That got Einar’s attention, left him wide awake and staring at the tracker with a murderous look in his eyes for a moment before he realized the man had been joking. “How about you get used to the idea that you’ll be spending the rest of the winter here, in that case? If you can’t walk out to wherever you were planning to meet him, I guess that’s what you’re gonna have to do. No chopper comes anywhere near this place, not if the pilot, crew or anyone unfortunate enough to have hitched a ride on said vehicle care about living through the incident!”

“Knowing your kill ratio on them things--and all with an atlatl and improvised bows of one sort or another, if I’m remembering correctly--I have no doubt you’re right about that one, Asmundson! Roger’s not up for liberating any choppers most likely, anyway. Not for a simple retrieval like this. Would have to be a little more at stake to make it worth his while. Not a whole lot, maybe…but that’s another story. Nope, I’ll walk out. Just have to come up with a better way to secure this doggone leg, protect it…”

“Got a little experience with that one, myself. I’ll see what we can come up with. Need to leave it alone until some of that swelling goes down, though. Hey, if we can’t get anything else to work, I can just have you lie down in the snow, tie a rope around your feet and haul you up there to the meeting place, myself.”

“Right…seems to me you done more than enough hauling of that sort, for the time. I’ll get myself up there. We can work on the leg tomorrow. Swelling’s already seeming a little better. Maybe the darn thing ain’t actually fractured. Not much chance, but maybe. We can hope.”

With which Bud got himself to his feet once again, taking a few careful steps with Susan’s help before returning to his seat. A good start, and things were really beginning to look up as far as his ability to get around. Weren’t going so well for Einar, it seemed, who had sunk once more into a stupor of sorts, head sagging towards his knees and body slumping towards the ground. Liz hurried to take the baby, helped Einar up and onto the bed. Under other circumstances he might have objected--it was, after all, still light outside, the afternoon still quite young--but found himself too weary and numbed even to contemplate such resistance. Was too numb to do much of anything, in fact, couldn’t seem to begin to get warm even tucked in beneath the hides and he mentioned the fact to Liz, voice sounding to her all strained and strange.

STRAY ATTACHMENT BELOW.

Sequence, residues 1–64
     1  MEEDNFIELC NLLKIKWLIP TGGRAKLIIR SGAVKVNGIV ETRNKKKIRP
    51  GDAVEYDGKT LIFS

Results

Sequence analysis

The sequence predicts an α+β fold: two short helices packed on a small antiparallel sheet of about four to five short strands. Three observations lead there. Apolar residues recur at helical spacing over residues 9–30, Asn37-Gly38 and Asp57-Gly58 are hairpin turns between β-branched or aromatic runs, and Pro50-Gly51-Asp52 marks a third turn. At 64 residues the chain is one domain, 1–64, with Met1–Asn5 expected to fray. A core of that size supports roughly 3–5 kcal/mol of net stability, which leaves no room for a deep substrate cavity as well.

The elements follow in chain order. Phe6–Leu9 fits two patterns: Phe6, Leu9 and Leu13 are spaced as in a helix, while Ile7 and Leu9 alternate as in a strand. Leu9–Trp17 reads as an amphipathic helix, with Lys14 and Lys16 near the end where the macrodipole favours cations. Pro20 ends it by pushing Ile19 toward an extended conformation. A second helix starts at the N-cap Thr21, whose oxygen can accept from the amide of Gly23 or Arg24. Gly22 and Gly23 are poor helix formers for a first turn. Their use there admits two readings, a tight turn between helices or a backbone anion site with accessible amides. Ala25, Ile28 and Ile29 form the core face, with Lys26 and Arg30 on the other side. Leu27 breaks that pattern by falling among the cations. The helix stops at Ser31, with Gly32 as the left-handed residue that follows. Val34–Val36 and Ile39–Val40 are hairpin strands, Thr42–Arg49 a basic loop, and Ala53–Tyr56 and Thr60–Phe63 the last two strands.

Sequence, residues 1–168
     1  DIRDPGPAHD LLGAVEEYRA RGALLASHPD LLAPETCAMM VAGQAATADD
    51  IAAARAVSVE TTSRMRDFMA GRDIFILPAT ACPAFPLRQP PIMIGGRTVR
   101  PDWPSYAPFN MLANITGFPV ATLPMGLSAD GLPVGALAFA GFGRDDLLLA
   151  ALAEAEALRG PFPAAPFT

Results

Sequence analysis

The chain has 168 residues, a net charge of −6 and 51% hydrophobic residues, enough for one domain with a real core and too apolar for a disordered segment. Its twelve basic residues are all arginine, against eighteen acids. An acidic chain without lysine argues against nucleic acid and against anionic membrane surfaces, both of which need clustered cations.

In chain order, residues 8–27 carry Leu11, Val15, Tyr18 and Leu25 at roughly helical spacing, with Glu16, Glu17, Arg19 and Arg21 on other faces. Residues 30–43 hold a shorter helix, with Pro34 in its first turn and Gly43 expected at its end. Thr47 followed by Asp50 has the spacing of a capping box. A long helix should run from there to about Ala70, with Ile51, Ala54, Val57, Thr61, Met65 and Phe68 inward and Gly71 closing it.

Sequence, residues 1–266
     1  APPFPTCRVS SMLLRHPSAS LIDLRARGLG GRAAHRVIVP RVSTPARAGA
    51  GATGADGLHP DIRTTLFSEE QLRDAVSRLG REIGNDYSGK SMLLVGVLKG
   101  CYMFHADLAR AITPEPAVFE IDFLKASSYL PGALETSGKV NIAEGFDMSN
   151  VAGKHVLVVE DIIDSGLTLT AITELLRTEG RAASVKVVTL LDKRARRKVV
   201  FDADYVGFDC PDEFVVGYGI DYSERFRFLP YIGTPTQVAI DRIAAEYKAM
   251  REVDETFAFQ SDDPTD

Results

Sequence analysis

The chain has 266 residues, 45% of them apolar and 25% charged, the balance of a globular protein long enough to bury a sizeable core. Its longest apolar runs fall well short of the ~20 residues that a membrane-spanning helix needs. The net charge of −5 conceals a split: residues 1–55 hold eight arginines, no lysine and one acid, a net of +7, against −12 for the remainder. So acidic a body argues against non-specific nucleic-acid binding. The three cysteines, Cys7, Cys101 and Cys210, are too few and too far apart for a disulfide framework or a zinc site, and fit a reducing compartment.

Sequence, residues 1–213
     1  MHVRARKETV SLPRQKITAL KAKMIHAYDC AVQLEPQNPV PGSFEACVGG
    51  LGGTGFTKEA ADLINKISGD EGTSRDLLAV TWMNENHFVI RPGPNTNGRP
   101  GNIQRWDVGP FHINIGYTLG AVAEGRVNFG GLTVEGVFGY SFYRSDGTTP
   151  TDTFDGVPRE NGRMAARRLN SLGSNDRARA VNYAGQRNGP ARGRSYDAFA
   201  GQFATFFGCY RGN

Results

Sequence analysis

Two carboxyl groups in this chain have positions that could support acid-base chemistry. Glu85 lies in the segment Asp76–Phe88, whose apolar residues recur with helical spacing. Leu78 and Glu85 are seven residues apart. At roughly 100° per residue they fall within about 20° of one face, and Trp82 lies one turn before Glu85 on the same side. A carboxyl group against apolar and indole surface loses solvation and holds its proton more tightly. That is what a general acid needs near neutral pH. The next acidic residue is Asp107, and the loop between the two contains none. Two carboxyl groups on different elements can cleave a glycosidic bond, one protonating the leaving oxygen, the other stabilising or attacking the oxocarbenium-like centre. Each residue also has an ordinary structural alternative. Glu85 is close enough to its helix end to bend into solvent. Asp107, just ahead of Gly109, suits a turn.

“What do you mean? That’s not like you. I thought you didn’t even care about being warm, most of the time. Usually it’s me who has to remind you to try and keep from turning into an icicle overnight, and usually you don’t even want to hear it.”

“This is…different. Got such a grip on me. Need to go…climb something or…run in the snow until I…”

No you don’t. That’s not what you need, at all. You’re just worn out from last night. You stay right here with me and I’ll get you some rocks from the stove. That’ll help. That, and some honey so your body can produce some quick energy to warm you up.”

Bustling about the cabin as she rounded up the things she hoped would help Einar through the difficult patch that seemed to have seized hold of him that day Liz could not help but think that the very thing which she had so been hoping to see in him and which he so desperately needed before he could begin to head in the right direction again--the recognition of just how serious his condition had become and a willingness to do something about it--might end up doing him in, if she didn’t watch out. His immensely powerful and all consuming need to resist, to fight had, she knew, been the only thing keeping body and soul together for him at times--many times--over the past months, and she recognized the very real danger that existed if ever his mind or body should get the idea that he no longer needed to fight, that he could ease off. He’d be gone, just like that, if such happened in his current condition. She had little doubt. Didn’t know how to communicate these things to him, though, without sounding as though she was speaking against the change she saw in him, the willingness on his part to finally begin doing the things he’d been needing to do for so long and allowing himself to eat, heal, which of course she was not.

Too complicated. So she simply mixed a strong solution of honey, warm water and a bit of milk she’d earlier set aside, fetched three hot stones from beside the stove, and returned to the bed.